In the UK obvious is defined as what is obvious to an "expert in that field". So it is much easier to get a patent in America for your new GMO that in the UK. No wonder the United States is the richest country in the world.
Please approach this book with an open mind all Dr Watson is saying is, let's make new GM bio fuel, find, understand and stop genetic diseases. To do this we need to invest more in bio-tech.
Dr Watson claims we can't ignore just GM foods. Before reading this book I was against GM food, now I think Dr Watson is right. you must read his argument before you decide.
Dr Watson advocates proceeding with extreme caution and he states clearly in this book that a large part of any R&D budget should go into the examination of the ethical and bio-safety implications of a newly proposed GM products or procedures. Dr Watson has tried very hard to educate the angry mob with this book. After reading the book, I ask myself what offence will it be to God, if man makes GM insulin ? Would God say no, continue harvesting it from pigs ? The God won't like it, argument is daft. Or a GM fish that can convert more of it's, low grade food into higher quality food that we can eat ? The prejudice against GMO's need to be addressed in schools and in the media.
A lot of work has gone into this book hense the price, all the many references, credits and the index are perfectly done. I have the book in hard back copy. (my copy was kindly signed but James D Watson). I now have my Amazon kindle edition for quick reference. I use my Kindle, to read bits of this book back to me, over and over again, in text to speech mode. this is a very useful feature. I love this book. It's highly recommended.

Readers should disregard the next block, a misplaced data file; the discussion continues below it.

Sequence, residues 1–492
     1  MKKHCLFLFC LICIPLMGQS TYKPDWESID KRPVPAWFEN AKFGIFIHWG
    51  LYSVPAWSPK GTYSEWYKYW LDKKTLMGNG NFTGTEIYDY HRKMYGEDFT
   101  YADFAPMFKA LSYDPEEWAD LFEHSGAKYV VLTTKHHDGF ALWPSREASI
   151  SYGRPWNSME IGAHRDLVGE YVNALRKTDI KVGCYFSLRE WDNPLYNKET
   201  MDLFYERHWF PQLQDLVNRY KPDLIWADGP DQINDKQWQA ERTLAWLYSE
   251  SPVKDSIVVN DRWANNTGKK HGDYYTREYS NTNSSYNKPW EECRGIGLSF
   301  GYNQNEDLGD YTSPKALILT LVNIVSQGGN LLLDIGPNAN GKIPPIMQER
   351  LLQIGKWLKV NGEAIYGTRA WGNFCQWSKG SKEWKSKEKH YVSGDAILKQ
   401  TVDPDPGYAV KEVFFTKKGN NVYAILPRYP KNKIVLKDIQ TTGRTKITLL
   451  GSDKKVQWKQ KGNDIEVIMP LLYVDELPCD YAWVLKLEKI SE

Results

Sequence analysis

17 June 2011 Paul Kendall (Leeds UK)
Click on book cover image to link to Amazon Store
Quantum Theory Cannot Hurt You: A Guide to the Universe (Kindle Edition)This book is my favourite book on quantum physics. By a long chalk, (and I have quite a few) The glossary alone is worth the price of the book. I have it on kindle, so I listen to it, being read to me, over and over that's a useful feature when you are trying to get your head around complex subjects. Sit down with a cup of tea and listen. If you don't understand repeat the process.
This book is for everybody. Marcus Chown has tried to give examples of how amazing the rules are at the scale of atoms. How gravity slows down time. He puts it in such simple terms, "you age slower on the bottom floor of a tall building than you do at the top".
The closer you are to Earth's gravity the more time is slowed down. There is much more like this in the book.
The empty space inside atoms is hard to imagine. the book helps with that. Why don't things just appear, and disappear in the large scale world that we live in ? as they do at the quantum scale world ? well the answer is de-coherence, what is that ? read the book.
The latest developments in quantum computing is covered in the book. What is a super position of a qubit and how does the measurement problem hider the quantum computer's development ? it's all in the book. Multiple universes all explained, dark matter, black holes, the lot.
Marcus Chown is not trying to show off to his fellow scientists in this book, he is showing us the ordinary people a glimpse into the amazing quantum world. The idea of a particle being in two places at once. And quantum entanglement communications is debated.
The book documents the path that led up to the discovery of the atom's empty space in the gold foil experiment overseen by Ernest Rutherford and his team at Manchester University England in 1909.
If you want to know what they are doing at the L.H.C. at C.E.R.N. in Switzerland or FERMI lab in America, Or you want to know more about the double slit experiment. particles popping up out of nothing then disappearing again, then this book is the book for you.